Publications (2)0 Total impact
Article: Effects of processing high amylose maize starches under controlled conditions on structural organisation and amylase digestibility[show abstract] [hide abstract]
ABSTRACT: The amylase digestibility of high-amylose maize starches has been compared before and after thermomechanical processing. Starches were analysed for enzyme-resistant starch yield, apparent amylose content, crystallinity (X-ray diffraction), and molecular order (NMR and FTIR), both before and after treatment with a-amylase. All samples had significant (>10%) enzyme-resistant starch levels irrespective of the type and extent of thermal or enzymic processing. Molecular or crystalline order was not a pre-requisite for enzyme resistance. Near-amorphous forms of high amylose maize starches are likely to undergo recrystallisation during the enzyme-digestion process. The mechanism of enzyme resistance of granular high-amylose starches is found to be qualitatively different to that for processed high-amylose starches. For all samples, measured levels of enzyme resistance are due to the interruption of a slow digestion process, rather than the presence of completely indigestible material.Carbohydrate Polymers. 01/2009; 75(2):236-245.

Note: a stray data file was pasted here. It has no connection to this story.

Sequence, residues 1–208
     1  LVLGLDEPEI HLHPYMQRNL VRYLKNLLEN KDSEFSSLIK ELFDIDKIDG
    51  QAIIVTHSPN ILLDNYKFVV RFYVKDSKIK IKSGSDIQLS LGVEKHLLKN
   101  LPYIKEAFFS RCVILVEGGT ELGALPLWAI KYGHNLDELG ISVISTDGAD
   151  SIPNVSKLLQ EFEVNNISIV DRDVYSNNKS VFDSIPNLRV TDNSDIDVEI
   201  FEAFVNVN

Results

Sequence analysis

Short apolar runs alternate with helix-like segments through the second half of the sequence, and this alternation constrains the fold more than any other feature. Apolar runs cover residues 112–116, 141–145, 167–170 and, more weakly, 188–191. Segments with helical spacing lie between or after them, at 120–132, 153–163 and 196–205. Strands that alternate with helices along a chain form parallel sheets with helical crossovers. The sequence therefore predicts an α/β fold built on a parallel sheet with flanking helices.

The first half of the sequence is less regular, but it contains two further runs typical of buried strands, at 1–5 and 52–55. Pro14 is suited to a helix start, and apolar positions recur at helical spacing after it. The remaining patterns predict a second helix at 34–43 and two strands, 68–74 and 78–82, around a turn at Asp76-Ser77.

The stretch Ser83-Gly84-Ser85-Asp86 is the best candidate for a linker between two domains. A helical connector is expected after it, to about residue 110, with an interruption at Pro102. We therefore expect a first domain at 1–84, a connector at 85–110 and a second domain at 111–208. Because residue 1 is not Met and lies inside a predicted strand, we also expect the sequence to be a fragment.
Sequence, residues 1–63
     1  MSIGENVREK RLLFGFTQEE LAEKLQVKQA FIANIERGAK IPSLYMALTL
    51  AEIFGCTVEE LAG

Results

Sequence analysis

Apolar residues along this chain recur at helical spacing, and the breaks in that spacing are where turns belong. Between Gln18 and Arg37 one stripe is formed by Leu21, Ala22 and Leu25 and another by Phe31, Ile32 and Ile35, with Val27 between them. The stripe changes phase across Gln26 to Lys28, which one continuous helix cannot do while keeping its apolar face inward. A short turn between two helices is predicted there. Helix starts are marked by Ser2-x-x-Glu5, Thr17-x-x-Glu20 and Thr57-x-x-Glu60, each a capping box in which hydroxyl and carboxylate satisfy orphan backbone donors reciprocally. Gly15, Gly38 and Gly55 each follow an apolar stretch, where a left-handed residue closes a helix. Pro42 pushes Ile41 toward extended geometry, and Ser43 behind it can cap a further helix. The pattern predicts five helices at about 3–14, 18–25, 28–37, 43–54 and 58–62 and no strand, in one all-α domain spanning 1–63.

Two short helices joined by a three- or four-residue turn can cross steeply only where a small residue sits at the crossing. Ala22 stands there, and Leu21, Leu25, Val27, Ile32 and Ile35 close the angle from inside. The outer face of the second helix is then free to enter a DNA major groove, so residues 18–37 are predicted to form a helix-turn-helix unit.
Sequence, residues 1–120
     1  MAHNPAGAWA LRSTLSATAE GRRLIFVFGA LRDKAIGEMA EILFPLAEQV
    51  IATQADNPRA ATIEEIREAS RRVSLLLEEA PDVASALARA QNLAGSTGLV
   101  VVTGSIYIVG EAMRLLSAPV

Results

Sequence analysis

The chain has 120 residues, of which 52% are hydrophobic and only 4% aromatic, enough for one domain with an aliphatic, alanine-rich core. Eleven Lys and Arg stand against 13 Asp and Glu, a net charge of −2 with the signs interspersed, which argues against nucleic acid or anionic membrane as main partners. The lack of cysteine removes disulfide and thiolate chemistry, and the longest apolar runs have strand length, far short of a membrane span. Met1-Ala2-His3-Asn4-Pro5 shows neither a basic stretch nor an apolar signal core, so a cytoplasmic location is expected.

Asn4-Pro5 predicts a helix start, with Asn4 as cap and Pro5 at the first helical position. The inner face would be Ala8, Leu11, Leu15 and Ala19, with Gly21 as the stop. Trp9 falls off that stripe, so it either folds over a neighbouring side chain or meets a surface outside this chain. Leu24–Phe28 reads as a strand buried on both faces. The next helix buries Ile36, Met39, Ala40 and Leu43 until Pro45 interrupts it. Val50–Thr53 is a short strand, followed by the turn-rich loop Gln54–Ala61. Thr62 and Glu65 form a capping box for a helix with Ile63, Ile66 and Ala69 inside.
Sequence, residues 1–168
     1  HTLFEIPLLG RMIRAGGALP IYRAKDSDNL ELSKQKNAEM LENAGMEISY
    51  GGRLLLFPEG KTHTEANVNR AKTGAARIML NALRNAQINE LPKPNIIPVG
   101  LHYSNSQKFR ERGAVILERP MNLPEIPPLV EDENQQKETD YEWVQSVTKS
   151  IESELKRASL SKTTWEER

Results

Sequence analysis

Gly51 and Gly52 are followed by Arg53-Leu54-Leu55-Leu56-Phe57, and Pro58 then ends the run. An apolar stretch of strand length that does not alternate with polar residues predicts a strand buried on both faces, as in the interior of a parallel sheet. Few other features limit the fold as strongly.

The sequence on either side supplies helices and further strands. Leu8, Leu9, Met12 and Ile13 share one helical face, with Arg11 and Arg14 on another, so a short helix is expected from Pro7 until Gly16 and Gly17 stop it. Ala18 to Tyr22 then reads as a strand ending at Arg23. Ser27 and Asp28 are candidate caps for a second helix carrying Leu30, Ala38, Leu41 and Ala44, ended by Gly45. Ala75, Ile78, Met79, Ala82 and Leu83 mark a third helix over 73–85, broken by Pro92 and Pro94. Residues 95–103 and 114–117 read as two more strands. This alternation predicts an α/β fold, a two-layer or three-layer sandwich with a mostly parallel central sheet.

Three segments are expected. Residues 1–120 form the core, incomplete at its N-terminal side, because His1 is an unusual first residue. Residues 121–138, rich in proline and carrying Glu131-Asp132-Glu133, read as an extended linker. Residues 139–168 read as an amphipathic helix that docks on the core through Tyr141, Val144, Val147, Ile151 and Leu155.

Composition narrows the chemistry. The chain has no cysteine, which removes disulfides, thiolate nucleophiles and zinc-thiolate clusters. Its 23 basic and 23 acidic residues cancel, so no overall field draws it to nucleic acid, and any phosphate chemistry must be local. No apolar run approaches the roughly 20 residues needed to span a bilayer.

Article: Influence of storage conditions on the structure, thermal behavior, and formation of enzyme-resistant starch in extruded starches[show abstract] [hide abstract]
ABSTRACT: Starch structures from an extrusion process were stored at different temperatures to allow for molecular rearrangement (retrogradation); their thermal characteristics (DSC) and resistance to amylase digestion were measured and compared. The structure of four native and processed starches containing different amylose/amylopectin compositions (3.5, 30.8, 32, and 80% amylose content, respectively) before and after digestion was studied with small-angle X-ray scattering (SAXS) and X-ray diffraction (XRD). Rearrangement of the amylose molecules was observed for each storage condition as measured by the DSC endotherm at around 145 degrees C. The crystalline organization of the starches after processing and storage was qualitatively different to that of the native starches. However, there was no direct correlation between the initial crystallinity and the amount of enzyme-resistant starch (ERS) measured after in vitro digestion, and only in the case of high-amylose starch did the postprocess conditioning used lead to a small increase in the amount of starch remaining after the enzymatic treatment. From the results obtained, it can be concluded that retrograded amylose is not directly correlated with ERS and alternative mechanisms must be responsible for ERS formation.